This statement is not correct. The name lactic acid is actually derived from the culture that is used in the fermentation — lactic acid bacteria. The substrate used in the fermentation is sugar, NOT dairy ingredients. Thus there are no dairy derivatives in the lactic acid.
You may be confused because similar lactic acid bacteria are used to produce lactic acid in cheese and cultured dairy products. But the source of dairy here is the milk — not the culture. Besides vegetable decontamination, lactic acid is used in wide variety of foods, including candy coating, dressing and sauces, prepared meals, as well as cosmetics applied directly on the skin.
PURAC is the world’s largest producer of lactic acid, which has been in commercial production since 1935. PURAC lactic acid is considered natural and organic, made from sustainable ingredients. It is also kosher.
The salt derivative lactate is widely used as an antimicrobial in the meat industry.
This should answer your obvious consumer’s concerns about the use of lactic acid in food. If you have any questions regarding lactic acid and its derivatives, we would be happy to respond.
— Jan Payne
Business Development Mgr/Preservation
OK, three strikes with a wet noodle for the Pundit. We certainly wish we had clarified the situation up front.
Of course, with publications such as The New York Times going on about FreshRinse and milk, we doubt we were the only ones confused. In fact, we know that was not the case because we received e-mails from industry members trying to make heads or tails out of The New York Times article.
We are, of course, pleased to set the record straight and glad the product doesn’t raise issues related to milk.
We think the lesson for the industry as a whole and for individual companies, though, is the danger in going for a PR splash when you are dealing with issues such as food safety.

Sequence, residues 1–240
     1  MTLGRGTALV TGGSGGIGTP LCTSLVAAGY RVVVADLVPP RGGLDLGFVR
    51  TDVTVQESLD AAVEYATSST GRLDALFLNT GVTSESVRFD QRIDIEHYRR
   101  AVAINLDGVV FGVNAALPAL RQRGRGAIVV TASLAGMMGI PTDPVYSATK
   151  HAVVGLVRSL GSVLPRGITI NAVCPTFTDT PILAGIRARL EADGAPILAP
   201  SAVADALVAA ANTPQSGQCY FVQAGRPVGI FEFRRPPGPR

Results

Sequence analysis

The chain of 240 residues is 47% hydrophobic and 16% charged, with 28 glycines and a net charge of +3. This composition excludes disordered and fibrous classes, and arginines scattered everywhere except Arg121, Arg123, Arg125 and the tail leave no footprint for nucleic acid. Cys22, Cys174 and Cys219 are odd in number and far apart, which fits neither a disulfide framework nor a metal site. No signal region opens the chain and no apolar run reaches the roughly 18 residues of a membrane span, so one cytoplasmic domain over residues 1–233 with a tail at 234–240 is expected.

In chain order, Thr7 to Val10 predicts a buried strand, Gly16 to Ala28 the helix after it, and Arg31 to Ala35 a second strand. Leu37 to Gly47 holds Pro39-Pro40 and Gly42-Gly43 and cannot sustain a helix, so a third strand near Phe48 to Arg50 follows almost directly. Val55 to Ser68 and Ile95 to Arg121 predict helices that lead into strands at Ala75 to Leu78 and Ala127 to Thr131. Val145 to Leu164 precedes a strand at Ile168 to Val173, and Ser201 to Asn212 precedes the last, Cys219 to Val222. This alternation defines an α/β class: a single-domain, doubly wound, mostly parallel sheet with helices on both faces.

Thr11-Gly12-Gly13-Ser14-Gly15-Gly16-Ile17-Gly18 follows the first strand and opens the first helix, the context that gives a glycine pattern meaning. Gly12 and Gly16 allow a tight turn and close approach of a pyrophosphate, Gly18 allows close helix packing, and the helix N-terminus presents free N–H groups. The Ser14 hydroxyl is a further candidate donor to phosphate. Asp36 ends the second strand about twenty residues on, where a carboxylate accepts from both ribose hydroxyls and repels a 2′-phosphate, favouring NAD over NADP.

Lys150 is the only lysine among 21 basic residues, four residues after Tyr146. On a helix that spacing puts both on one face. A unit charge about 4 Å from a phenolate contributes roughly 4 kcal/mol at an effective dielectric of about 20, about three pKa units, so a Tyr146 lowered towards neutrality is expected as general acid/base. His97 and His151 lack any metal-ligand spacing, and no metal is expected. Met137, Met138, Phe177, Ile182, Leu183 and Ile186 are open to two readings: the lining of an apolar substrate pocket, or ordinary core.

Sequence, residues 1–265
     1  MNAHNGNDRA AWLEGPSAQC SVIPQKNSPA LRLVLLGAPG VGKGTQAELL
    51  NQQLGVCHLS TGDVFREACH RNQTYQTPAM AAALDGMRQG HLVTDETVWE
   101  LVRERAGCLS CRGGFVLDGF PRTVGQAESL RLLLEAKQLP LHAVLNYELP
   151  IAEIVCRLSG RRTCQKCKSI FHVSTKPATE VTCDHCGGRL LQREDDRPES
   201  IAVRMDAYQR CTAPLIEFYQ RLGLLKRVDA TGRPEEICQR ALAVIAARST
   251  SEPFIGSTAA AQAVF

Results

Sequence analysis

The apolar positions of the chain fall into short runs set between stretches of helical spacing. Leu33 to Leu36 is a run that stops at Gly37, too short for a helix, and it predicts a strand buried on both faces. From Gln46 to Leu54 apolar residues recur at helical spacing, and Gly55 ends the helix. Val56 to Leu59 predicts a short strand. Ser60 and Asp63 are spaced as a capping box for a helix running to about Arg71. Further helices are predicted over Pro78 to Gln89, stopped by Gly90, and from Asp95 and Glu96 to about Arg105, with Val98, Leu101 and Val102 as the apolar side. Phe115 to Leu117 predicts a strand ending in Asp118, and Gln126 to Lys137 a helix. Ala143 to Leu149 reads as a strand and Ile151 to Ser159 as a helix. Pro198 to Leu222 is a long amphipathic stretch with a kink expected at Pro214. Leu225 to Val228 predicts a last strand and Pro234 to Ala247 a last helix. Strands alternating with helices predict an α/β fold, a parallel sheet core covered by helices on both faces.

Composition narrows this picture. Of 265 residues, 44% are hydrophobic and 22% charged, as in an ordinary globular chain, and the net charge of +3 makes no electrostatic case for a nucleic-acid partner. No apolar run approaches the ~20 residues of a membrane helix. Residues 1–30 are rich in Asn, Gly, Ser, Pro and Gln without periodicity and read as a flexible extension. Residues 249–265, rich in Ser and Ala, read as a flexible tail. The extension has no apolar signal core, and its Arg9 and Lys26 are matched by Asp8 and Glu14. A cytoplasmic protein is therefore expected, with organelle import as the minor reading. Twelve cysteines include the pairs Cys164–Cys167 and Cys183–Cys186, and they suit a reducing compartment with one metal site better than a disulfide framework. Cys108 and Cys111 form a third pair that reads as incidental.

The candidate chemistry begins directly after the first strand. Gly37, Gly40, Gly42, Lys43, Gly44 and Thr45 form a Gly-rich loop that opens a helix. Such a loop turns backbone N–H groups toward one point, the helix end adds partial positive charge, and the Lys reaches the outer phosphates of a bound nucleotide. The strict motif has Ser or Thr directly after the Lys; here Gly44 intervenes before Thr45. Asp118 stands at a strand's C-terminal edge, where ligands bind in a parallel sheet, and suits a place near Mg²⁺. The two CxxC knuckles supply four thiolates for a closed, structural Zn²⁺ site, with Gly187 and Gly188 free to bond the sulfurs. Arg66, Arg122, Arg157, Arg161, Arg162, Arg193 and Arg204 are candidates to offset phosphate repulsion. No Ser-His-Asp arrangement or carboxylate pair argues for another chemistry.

Very predictably, William Neuman, the author of the piece in The New York Times, tried to vet the claims Fresh Express was making by calling on a national produce trade association. Quite logically, he called David Gombas, whose position at United Fresh is Senior Vice President for Food Safety and Technology. Did David deliver a ringing endorsement of this new product as a major food safety advance? No, actually, he said he didn’t know anything about it:
Fresh Express is a member of the produce association, but Mr. Gombas said that he was not aware of the company’s plans or the results of its research.
How hard would it have been to give United, PMA and the California Leafy Greens Marketing Agreement a briefing on the matter so they could speak intelligently about it? Instead, they sound uninformed, and consumer confidence in the competency of the industry was lessened.
In fact, the confidence in FreshRinse was lessened. How much better for the future of the product if reputable scientists and technical experts, not paid or employed by Fresh Express, expressed confidence in the product.
Perhaps this wash will prove desirable. We hope it is a food safety advance. We also hope that companies in the industry will think beyond their immediate interests and think about the delicate condition of consumer and regulatory confidence.
Many thanks to Dan Cohen, Brad Murphy, John Mount and Jan Payne for standing vigil on our scientific content.